Tom Clancy’s The Division 2

The open beta for Tom Clancy’s The Division 2 has come and gone. This “final run-out” before the release of the game on March 15th, was available from Friday the 1st of March until Monday 4th. The beta covered the same ground featured in the private affair earlier in February, with the following, additional content:

  • Character level cap increase to level 8
  • An additional Story mission—Viewpoint Museum
  • An additional Skill—Chem Launcher with two variants, Riot Foam and Explosive Vapor
  • Two additional Settlement Projects with the second upgrade of the Theater
  • An additional Skirmish PVP map—Capitol Ruins


Having played the private beta last month, I was blown away. So impressed was I with this preview of Tom Clancy’s The Division 2, that I bought the original game and all its DLC while it was on offer. Since then, I’ve played about 12 hours of The Division, and enjoyed every minute. The mechanics just clicked with me, and the settings, in both games; I found beautiful. More-so New York, in the first game, but Washington DC, in the sequel, is still impressive. From what I’ve seen so far, The Division 2 takes up where the first left off. The virus has ravaged Washington, the streets are filled with violent goons, and it’s up to the player to lay down the law. This is the Old West; where the letter of the law is a bullet, and justice begins and ends with violent prejudice.

Perks, crafting, and skills all return from the original game. Throw in some basic player RPG mechanics, and looter-shooter(I hate using this term, but it’s apt!) enemy drops, and you’ll have enough management to keep you busy. Bases can be unlocked, and further upgraded, all by completing missions, naturally. You will do well to find a mission that doesn’t involve gunning down a dozen or more enemies. This is literal bullet-heaven.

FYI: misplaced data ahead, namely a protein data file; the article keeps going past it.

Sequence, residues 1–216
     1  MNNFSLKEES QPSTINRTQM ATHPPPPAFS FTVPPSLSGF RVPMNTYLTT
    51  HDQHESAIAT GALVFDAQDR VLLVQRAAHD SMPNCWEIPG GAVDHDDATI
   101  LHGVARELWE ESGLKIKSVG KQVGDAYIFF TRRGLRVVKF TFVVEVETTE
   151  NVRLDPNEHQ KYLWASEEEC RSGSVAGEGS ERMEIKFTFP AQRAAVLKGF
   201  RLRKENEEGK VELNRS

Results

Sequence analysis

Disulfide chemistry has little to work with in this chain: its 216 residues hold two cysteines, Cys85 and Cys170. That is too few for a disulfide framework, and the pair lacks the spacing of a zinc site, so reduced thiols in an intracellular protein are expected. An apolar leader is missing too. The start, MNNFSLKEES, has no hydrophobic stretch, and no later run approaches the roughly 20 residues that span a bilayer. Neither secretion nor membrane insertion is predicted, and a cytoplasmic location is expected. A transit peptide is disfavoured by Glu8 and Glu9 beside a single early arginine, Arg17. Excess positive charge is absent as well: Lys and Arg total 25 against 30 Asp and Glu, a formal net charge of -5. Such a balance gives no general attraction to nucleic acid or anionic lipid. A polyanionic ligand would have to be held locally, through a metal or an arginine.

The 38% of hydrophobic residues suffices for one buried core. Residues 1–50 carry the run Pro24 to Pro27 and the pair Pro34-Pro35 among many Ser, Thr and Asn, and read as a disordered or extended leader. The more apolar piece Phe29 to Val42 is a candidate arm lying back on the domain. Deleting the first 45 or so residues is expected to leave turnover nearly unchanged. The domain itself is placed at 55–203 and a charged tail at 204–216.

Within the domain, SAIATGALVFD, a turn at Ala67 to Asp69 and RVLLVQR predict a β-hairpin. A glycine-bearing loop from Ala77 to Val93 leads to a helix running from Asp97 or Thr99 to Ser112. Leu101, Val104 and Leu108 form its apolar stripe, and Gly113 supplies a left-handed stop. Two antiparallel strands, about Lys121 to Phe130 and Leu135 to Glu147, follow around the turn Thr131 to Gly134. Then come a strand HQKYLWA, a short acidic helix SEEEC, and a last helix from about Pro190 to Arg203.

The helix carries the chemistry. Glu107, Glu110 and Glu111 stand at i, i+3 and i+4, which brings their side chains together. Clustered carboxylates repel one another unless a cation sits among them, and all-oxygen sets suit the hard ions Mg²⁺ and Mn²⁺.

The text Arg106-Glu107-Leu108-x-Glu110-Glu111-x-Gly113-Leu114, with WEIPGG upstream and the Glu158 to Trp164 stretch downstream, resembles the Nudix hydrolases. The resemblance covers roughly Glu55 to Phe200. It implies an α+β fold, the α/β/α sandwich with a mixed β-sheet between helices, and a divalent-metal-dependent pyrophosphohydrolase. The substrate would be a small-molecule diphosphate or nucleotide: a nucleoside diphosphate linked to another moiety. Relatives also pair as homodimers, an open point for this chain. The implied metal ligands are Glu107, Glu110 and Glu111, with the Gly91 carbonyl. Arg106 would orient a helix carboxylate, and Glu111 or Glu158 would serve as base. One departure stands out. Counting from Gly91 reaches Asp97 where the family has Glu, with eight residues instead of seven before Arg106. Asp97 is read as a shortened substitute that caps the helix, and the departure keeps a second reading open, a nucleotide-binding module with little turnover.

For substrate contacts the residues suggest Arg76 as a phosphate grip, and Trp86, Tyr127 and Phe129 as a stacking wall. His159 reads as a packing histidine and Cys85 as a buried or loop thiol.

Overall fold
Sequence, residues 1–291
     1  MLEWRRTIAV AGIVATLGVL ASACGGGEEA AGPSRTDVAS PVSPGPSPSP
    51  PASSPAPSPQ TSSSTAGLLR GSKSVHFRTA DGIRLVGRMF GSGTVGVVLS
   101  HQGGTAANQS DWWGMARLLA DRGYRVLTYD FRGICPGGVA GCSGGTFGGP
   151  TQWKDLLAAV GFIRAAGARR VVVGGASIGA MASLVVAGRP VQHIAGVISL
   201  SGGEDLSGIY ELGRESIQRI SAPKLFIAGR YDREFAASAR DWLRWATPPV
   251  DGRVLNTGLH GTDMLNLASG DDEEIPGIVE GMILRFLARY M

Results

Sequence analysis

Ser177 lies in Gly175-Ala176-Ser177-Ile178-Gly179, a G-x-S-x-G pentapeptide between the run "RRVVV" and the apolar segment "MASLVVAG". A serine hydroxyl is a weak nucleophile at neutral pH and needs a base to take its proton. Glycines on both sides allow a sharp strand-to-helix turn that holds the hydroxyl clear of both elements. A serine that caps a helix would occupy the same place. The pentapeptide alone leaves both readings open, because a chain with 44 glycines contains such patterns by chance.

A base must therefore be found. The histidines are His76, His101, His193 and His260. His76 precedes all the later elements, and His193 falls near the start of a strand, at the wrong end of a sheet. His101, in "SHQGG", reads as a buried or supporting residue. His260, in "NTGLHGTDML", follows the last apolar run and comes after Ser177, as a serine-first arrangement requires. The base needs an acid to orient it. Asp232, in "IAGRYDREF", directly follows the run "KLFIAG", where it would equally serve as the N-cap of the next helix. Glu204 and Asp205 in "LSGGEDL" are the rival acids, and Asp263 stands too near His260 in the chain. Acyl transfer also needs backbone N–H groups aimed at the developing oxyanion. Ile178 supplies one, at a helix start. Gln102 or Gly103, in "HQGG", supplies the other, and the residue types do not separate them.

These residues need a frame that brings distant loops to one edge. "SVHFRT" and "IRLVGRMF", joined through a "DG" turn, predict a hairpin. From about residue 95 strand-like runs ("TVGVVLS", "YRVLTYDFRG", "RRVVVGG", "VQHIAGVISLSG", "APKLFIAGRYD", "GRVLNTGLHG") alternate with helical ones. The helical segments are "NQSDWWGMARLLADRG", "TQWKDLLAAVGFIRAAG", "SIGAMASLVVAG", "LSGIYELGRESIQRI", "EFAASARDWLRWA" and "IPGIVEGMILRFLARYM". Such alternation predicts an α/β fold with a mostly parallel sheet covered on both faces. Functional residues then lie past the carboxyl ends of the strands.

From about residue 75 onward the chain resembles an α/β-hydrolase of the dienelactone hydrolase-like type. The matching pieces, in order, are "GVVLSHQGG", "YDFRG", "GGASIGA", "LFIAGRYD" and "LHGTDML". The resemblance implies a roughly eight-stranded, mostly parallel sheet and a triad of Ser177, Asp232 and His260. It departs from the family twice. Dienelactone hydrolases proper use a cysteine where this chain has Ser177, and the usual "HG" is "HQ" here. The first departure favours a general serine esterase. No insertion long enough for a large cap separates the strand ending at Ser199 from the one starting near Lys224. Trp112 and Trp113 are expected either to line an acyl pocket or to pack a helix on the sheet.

Or Depressed?

But if we look at what Massive Entertainment has actually improved upon from the original game, we’re left wanting. There are some new perks, and skills, including some fancy drones. The bullet-sponge enemies have been addressed, slightly. They still exist but in the form of heavily armoured types. Chew through the armour first, then you get the squishy meat inside. Enemy AI also seems to have gotten worse. Every firefight seemed to give me at least one enemy who just ran up to my position, and past me, shooting wildly. Now I understand the need for aggressive enemies, but I still can’t fathom someone running headlong into automatic weapons fire. Not when the rest of your buddies are using cover and concealment. I also had some issues with facial animation; one or two protagonists just looked weird when talking.

You can check out a video preview of the first level in Tom Clancy’s The Division 2 below, and stay tuned to GamEir for the obligatory review on the game’s release; March 15th, on PC, Xbox, and PS4.


About The Author

Brian started gaming on a Commodore 64 before you were born. He played everything worth playing on every platform worth playing them on since then, but refuses to mess with that new fangled VR stuff. Makes him nauseated he says.

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